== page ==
Within a few days, Yale e360 published two extremely interesting analyses of China’s recent environmental and social problems: China’s Great Dam Boom by Charlton Lewis and China at Crossroads by Ed Grumbine. Both fascinating in their own right, these articles show that if you want to save the world from a looming environmental catastrophe, you have to start in China.
Since 1978, when Deng Xiaoping initiated the economic reforms that have made China’s the most dynamic economy in human history, the country’s nominal GDP as measured in USD has risen by 3700% (as of 2012). Its share in the world GDP has increased from approximately 2% to more than 10%. At the same time, China’s population has grown by around a third. Nonetheless, according to World Bank figures, the share of population having command over less than 1.25 USD per day has declined from 85% in 1981 to 13% in 2008. Also, China’s Human Development Index has risen from 0.407 to 0.699 between 1980 and 2013 (for comparison: world HDI has changed from 0.561 to 0.694 over the same period).
These few stylized facts, while very crude, give you a glimpse at how remarkable the economic success of the People’s Republic has been. It has come, however, at a cost. I won’t dwell on social and political issues, since they are not my field of expertise, but Grumbine’s article provides some hints, including some links for further reading. Economically, also, the story has not been one of pure success – a huge, though statistically “hidden” debt burden and the steadily growing but not very useful mount of US government bonds are but a couple of examples. What I am interested in here, however, is the environmental cost of China’s economic explosion, which have been and will likely continue being huge.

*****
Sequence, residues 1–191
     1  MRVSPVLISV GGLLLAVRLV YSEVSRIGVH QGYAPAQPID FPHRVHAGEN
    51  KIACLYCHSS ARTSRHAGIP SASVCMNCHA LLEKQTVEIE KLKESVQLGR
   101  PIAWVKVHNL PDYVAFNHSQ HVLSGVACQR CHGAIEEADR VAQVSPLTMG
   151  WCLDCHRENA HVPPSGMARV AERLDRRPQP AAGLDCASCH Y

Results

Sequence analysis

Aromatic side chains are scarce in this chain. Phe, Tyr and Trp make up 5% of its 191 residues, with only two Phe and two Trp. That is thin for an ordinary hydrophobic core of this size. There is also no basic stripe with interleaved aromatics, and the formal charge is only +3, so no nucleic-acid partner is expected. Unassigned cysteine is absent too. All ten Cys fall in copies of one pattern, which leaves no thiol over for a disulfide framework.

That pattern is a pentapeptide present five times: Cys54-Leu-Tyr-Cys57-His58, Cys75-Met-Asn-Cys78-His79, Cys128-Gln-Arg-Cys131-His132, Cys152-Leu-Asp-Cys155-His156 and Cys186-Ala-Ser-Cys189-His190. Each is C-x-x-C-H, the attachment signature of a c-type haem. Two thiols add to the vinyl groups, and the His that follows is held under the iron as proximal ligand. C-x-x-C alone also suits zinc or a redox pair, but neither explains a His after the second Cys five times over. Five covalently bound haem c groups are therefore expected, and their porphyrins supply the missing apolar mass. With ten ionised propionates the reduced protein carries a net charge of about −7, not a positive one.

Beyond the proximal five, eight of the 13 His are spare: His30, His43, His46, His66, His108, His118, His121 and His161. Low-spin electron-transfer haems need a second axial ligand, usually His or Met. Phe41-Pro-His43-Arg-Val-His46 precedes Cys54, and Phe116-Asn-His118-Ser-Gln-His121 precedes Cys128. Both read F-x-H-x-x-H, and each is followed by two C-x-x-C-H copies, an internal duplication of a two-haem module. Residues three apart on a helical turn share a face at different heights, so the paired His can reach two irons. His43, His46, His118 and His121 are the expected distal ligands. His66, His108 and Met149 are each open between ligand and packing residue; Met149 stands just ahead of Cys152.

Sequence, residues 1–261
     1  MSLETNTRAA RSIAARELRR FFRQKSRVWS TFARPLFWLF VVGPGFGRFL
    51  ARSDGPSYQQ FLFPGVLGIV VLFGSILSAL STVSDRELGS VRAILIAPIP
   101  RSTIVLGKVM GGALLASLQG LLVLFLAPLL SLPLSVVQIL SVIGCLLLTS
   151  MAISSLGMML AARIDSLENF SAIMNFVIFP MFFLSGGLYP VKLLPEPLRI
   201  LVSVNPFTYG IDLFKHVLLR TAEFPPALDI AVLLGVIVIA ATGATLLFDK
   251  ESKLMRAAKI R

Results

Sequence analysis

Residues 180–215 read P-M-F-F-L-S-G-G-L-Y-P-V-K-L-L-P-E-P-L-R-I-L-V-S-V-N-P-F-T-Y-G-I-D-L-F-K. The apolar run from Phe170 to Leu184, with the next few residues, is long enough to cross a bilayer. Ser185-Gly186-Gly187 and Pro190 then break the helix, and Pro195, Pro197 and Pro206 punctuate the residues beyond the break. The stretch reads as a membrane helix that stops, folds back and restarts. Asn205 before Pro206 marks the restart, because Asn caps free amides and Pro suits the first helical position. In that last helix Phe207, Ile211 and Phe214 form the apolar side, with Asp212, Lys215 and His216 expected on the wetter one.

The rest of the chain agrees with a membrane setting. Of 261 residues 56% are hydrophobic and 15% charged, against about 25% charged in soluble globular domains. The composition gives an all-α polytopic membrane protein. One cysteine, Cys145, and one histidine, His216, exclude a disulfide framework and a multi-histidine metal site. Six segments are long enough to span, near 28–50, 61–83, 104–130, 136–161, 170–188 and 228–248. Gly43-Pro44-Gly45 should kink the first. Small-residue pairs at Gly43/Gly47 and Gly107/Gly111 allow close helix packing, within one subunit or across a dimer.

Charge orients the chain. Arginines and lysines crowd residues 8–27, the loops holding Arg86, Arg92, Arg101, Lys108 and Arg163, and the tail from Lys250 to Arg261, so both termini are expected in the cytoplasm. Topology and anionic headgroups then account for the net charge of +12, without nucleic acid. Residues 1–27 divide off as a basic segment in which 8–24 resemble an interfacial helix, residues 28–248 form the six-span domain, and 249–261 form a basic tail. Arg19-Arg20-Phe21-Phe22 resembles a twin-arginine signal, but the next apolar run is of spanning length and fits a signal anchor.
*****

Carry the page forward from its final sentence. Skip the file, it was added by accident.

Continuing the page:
As stressed by Charlton Lewis, the problem starts with energy issues. Since 2006, China has been the world’s largest emitter of CO2, and its per capita emissions have been rising, too. Currently they are approaching the levels of most European countries. The main reason, of course, is the country’s reliance on coal as its main source of energy (accounting for almost 70% of all electricity production in 2006). But, as shown by Lewis, even the presumably “clean” hydro-energy (21%) is by far not as clean as widely believed. Apart from the social, ecological, agricultural and cultural “collateral damages” of China’s huge dams, their greenhouse gas emissions are oftentimes not significantly lower than those of gas plants. But what are the options China otherwise has? Despite its alleged move towards a “green economy”, especially its worldwide leadership in renewable industries, the non-hydro renewable sector is quite small, accounting for around 1% of electricity production. While the Communist Party is planning to increase this share to 8% by 2020, coal should be expected to dominate the Chinese energy generation sector for years to come. This is understandable: China may push for more wind and solar, but, first, they just have started from scratch and inland energy demand keeps rising. Second, renewable energies are still far more expensive than coal at market prices. Third, we are still waiting for reliable storage technologies. Stable and constant delivery of power is particularly important for China, whose economy relies on industry rather than services. Given the difficulties of Western countries to meet their renewable energy goals (even without the pressures resulting from still prevalent poverty), it cannot be expected that China will become a clean energy country within a few years.